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Dugger v. United States

United States District Court, E.D. Missouri, Southeastern Division

March 31, 2017

TIMOTHY DUGGER, Petitioner,
v.
UNITED STATES OF AMERICA, Respondent.

          OPINION, MEMORANDUM AND ORDER

          HENRY EDWARD AUTREY UNITED STATES DISTRICT JUDGE.

         This matter is before the Court on Petitioner's motion to Vacate, Set Aside or Correct Sentence [Doc. #1] pursuant to 28 U.S.C. § 2255, wherein he asserts Johnson v. United States, 135 S.Ct. 2551 (2015) is applicable. The United States of America has filed a Response to Petitioner's Habeas Petition [Doc. #8]. Petitioner has filed a Traverse to Government's Response to Petitioners 28 U.S, C. §2255 [Doc. #9].For the reasons set forth below the Motion will be denied.

         Facts and Background

         On May 7, 2003, Petitioner entered a plea of guilty to the offense of Felon in Possession of a Firearm in violation of 18, U.S.C. § 922(g)(1). A Presentence Investigation Report was prepared. That report recommended that Petitioner be sentenced as an Armed Career Criminal (“ACC”) under the Armed Career Criminal Act (“ACCA”) (18 U.S.C. § 924(e)) and concluded that the Total Offense Level was 30. His Criminal History Category was determined to be VI and the resulting sentencing range was 180 to 210 months. He was determined to be an ACC based on the existence of convictions for Second Degree Burglary, a felony, on October 5, 1998, in the Circuit Court of Ripley County, Missouri, in Case Number CR598-612FX; Second Degree Burglary, a felony, on December 20, 1999, in the Circuit Court of Ripley County, Missouri, in Case Number CR599-662FX; and Second Degree Burglary, a felony, on August 19, 2002, in the Circuit Court of Ripley County, Missouri, in Case Number CR502-338FX . Offense Level of 31.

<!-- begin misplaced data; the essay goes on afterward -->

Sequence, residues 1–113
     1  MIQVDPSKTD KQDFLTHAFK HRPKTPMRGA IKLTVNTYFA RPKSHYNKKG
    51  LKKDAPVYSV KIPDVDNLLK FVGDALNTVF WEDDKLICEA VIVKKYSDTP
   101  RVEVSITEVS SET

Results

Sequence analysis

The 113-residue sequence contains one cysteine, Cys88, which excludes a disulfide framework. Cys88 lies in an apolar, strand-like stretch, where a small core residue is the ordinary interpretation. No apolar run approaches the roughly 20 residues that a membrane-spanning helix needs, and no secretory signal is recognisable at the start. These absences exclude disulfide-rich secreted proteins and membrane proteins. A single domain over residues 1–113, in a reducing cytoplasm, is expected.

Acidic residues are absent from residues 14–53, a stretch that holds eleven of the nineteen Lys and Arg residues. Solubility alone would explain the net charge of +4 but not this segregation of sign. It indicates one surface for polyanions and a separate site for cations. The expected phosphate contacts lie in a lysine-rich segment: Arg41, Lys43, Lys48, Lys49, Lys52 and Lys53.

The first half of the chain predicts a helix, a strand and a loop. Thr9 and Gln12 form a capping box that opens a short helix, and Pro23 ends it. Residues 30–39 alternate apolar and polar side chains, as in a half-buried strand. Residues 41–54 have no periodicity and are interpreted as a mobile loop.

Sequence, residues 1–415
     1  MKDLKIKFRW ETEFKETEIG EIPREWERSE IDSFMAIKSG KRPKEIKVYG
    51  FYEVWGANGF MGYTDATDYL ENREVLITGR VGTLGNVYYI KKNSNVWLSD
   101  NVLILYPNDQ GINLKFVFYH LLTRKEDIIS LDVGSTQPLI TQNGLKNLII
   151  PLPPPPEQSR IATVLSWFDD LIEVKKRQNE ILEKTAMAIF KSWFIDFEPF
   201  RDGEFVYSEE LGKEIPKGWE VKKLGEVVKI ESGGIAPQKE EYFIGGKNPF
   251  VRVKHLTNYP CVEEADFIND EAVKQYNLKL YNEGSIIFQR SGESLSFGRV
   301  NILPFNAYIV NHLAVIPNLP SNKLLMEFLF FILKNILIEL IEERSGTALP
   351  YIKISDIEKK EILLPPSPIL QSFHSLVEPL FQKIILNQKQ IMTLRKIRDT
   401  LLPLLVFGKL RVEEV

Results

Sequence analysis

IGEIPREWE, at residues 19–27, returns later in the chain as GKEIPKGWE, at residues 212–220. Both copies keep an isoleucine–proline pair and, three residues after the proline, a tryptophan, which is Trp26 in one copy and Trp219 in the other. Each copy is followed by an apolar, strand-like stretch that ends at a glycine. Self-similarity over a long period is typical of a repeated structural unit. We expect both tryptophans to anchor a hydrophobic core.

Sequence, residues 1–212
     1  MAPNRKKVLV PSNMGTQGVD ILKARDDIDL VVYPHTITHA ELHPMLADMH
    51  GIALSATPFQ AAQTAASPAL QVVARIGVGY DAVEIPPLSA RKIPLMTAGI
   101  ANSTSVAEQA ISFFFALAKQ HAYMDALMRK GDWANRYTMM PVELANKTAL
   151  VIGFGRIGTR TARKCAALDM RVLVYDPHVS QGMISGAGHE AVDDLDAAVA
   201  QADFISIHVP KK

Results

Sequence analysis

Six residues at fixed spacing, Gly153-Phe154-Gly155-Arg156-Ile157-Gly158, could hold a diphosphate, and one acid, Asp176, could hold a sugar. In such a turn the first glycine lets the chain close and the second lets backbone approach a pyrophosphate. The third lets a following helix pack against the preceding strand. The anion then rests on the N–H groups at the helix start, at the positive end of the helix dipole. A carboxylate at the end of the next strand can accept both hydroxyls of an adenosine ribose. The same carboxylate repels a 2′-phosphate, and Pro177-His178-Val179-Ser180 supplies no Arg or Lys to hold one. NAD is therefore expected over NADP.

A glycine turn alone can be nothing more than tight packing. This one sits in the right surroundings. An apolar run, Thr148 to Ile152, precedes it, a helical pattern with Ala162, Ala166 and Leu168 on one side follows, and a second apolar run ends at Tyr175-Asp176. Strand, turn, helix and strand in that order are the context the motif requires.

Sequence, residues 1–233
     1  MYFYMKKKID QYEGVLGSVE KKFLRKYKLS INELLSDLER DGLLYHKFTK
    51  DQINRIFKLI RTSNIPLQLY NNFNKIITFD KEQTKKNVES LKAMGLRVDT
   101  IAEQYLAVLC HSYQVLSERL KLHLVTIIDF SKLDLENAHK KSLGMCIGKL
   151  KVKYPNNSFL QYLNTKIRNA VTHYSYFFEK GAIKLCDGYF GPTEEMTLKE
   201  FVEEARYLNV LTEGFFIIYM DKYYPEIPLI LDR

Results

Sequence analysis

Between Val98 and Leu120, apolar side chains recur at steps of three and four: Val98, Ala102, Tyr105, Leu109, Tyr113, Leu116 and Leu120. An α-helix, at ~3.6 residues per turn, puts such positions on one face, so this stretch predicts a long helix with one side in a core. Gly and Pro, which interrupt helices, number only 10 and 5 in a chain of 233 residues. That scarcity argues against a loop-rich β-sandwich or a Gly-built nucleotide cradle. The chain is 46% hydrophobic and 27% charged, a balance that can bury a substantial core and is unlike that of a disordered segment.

The court conducted a sentencing hearing on August 5, 2003 and found Petitioner to be an Armed Career Criminal and sentenced him to a term of imprisonment of 180 months. There were no appeals of his conviction or sentence and no previously filed petitions under § 2255.

         Petitioner's Claim

         Petitioner claims that he is entitled to relief under the Supreme Court's decision in Johnson v. United States, 135 S.Ct. 2551 (2015). He argues that the Missouri burglary statute is overbroad and may not be used to classify a conviction under that statute as a violent felony. Petitioner has three convictions for Missouri Second Degree Burglary of buildings

         Discussion

         In Johnson v. United States, 135 S.Ct. 2551 (2015), the Supreme Court held that the residual clause in the definition of a “violent felony” in the Armed Career Criminal Act of 1984, 18 U.S.C. § 924(e)(2)(B) (“ACCA”), is unconstitutionally vague. The Supreme Court has since determined that Johnson announced a new substantive rule of constitutional law that applies retroactively on collateral review in cases involving ACCA-enhanced sentences. United States v. Welch, 136 S.Ct. 1257 (2016). However, the Court's holding in Welch that Johnson applies retroactively in ACCA cases on collateral review does not govern the separate question of whether Johnson applies retroactively to claims based on the Sentencing Guidelines.

         Title 18, United States Code, Section § 922(g)(1) provides that a person who has been previously convicted of a felony is prohibited from possessing a firearm or ammunition that has affected interstate commerce. Any person who unlawfully possesses a firearm in violation of this section is subject to a term of imprisonment of up to ten years. 18 U.S.C. § 924(d). However, the ACCA provides that any defendant convicted in federal court of being a felon in possession of firearms and/or ammunition and who has three prior felony convictions for violent felonies and/or serious drug offenses must receive an enhanced punishment of a maximum of life and a minimum term of imprisonment of fifteen years. 18 U.S.C. § 924(e).

A “violent felony” is defined as:
(B) the term “violent felony” means any crime punishable by imprisonment for a term exceeding one year, . . ., that -
(i) has as an element the use, attempted use, or threatened use of physical force against the person of another; or (ii) is burglary, arson, or extortion, involves use of explosives, or otherwise involves conduct that presents a ...

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